The store layout can help to improve the shopping experience by guiding customers through your retail space, exposing them to products by following a certain path, and encouraging purchasing behaviours.
To plan the layout of your shop you should focus on the physical store and your specific products: how much space you have to show the merchandise, what kind of products you want to sell, what fixtures you require, etc… Thinking about all these aspects is useful to identify the right arrangement for your store.
Traffic Flow & Customer Behaviours
Herb Sorensen, an expert on consumer behaviour and author of “Inside the Mind of the Shopper”, noted that when customers enter a shop, they instinctively turn to the right or to the left, depending on their country vehicle traffic patterns. In Ireland people drive on the left side, so according to these studies, they should explore stores in a clockwise manner. Finding out which direction your customers naturally follow allows you to plan how to arrange everything, for example, where to place the cash register and new arrivals.
Two simple tips:
- Don’t put your key merchandise and new arrivals in the “decompression zone”, which is the part of the store right after your entrance. Usually clients are distracted when they’re in this transition space, so keep this space open and clear.
- A checkout location at the back of the store is not practical for small retailers with limited staff, as it can leave the front of the store unwatched. Experts tend to agree that the checkout should be put in the front of the store. If your customers tend to naturally go left when they enter, put your register on the right side, in this way you will follow their natural exit path.
Types of retail floor plans
The floor plan is central in managing store flow and traffic. Here are the most common ones in retail:
- Grid Floor Plan: fixtures and displays run parallel to walls. This type of layout is used in most grocery, pharmacy and convenience stores. It could be a good choice for small retailers with lots of merchandise, for example food, toys, or books, but it’s not ideal for others who want to encourage relaxed browsing, because usually this kind of layout is suitable for quick purchases.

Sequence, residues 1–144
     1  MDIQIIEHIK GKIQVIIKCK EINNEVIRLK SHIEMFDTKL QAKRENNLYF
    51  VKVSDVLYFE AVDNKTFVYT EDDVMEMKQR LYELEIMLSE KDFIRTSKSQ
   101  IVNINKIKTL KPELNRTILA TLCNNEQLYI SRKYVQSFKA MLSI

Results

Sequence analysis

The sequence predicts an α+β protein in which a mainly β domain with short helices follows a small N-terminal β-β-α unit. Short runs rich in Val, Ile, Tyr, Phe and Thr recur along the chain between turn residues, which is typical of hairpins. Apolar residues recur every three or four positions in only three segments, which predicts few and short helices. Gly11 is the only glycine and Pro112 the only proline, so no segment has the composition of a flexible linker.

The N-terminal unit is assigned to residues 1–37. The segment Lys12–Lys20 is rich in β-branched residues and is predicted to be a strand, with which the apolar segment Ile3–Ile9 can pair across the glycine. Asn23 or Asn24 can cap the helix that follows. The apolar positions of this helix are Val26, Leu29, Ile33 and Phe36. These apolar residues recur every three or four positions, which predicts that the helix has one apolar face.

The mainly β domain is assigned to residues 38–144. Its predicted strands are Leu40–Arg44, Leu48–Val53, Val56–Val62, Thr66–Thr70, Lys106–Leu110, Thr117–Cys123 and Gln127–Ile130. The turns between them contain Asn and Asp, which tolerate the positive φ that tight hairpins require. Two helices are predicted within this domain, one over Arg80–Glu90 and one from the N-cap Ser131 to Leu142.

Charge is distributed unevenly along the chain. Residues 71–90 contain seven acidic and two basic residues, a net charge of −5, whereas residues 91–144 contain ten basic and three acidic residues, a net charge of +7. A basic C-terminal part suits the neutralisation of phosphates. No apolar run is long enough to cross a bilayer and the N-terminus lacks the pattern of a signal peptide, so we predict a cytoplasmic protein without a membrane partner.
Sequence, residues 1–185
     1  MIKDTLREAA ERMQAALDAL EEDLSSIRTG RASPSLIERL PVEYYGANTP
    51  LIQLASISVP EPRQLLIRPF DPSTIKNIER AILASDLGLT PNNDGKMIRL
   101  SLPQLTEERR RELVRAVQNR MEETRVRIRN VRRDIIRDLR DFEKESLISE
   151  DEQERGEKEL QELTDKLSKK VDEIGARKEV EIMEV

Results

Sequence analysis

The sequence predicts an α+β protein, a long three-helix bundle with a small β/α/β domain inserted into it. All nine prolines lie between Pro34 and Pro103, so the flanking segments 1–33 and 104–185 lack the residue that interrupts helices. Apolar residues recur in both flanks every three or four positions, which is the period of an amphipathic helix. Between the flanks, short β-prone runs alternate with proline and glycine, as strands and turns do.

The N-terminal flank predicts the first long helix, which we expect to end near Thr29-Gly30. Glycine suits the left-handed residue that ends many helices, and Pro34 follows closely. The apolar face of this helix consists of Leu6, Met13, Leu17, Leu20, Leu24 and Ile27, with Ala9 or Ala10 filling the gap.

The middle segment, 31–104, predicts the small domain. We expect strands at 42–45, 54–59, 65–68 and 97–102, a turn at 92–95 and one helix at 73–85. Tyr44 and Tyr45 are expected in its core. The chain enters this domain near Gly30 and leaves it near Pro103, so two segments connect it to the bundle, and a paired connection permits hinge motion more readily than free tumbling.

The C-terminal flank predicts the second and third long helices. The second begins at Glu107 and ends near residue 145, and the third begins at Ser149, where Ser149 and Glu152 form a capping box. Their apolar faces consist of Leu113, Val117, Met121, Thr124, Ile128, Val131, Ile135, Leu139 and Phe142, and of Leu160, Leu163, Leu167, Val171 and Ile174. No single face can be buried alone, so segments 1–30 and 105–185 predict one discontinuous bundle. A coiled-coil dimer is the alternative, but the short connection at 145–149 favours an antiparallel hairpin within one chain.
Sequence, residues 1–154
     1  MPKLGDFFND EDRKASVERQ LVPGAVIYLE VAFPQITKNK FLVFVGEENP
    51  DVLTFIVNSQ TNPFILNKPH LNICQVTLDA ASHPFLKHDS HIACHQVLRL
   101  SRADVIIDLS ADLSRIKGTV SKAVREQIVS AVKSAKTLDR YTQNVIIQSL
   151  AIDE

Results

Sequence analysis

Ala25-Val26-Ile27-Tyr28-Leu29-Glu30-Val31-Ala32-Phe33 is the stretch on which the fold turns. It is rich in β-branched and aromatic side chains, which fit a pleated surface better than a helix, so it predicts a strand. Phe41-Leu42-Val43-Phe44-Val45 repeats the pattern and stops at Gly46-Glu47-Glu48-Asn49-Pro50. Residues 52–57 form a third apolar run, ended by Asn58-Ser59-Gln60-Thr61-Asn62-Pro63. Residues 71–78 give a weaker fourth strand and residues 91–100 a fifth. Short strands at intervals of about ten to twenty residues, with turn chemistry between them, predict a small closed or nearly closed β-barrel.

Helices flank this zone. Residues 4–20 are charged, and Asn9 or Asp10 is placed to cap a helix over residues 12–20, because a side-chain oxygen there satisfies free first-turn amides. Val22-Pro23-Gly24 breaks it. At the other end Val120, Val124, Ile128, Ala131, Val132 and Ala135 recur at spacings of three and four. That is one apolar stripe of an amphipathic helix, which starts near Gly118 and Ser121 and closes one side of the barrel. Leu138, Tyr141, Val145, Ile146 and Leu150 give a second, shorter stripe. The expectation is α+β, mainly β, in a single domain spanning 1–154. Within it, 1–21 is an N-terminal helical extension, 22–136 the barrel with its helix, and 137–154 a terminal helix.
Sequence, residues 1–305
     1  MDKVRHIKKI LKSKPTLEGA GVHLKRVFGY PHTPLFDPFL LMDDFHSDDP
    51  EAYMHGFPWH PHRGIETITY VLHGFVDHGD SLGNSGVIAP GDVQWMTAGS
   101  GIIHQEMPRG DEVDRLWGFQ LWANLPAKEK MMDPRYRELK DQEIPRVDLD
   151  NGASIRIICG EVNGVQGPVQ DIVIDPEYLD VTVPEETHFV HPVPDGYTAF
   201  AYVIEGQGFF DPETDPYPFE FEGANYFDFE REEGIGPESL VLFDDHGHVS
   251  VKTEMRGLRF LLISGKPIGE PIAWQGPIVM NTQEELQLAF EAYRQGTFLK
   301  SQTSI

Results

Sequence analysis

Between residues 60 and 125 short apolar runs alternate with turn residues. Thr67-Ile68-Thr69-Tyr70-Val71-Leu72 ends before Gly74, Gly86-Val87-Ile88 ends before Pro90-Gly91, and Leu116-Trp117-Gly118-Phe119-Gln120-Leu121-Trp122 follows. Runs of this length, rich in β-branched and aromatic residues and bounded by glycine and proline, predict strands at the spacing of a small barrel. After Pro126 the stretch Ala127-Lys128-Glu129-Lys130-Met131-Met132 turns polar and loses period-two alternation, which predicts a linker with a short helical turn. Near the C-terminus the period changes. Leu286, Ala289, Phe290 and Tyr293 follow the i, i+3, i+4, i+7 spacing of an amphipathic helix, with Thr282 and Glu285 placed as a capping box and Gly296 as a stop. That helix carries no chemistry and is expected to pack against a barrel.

- Loop Floor Plan: customers are surrounded by product displays only on outer walls while at the centre of the store there are creative display variations. In some stores there is a path that leads customers from the front of the store to the check-out, passing through every type of product. It works well for many small retail stores, such as clothing and accessories, home-ware and personal care.
- Free-Flow Floor Plan: there’s no defined pattern, but probably this point makes it the most complex floor plan. There are no rules, but human preferences and customers behaviours need to be considered for the arrangement of the store. An open space is ideal for all types of refined and high-end boutiques. In general, it works well for stores with smaller inventories.
In case you don’t feel comfortable planning the store project by yourself, a professional retail planner or interior designer can help you to arrange everything in the best possible way.
If you need support to cover costs related to hiring an expert or buying fixtures and furniture, here at GRID we specialise in providing finance to retail businesses. GRID’s cash advance is a great short-term finance solution. It is repaid as a portion of your daily card sales, so it works with the ebb and flow of your business, it can be accessed through an easy online application and you can get approval just in 24 hours.
Find out more about this flexible finance option and how it works: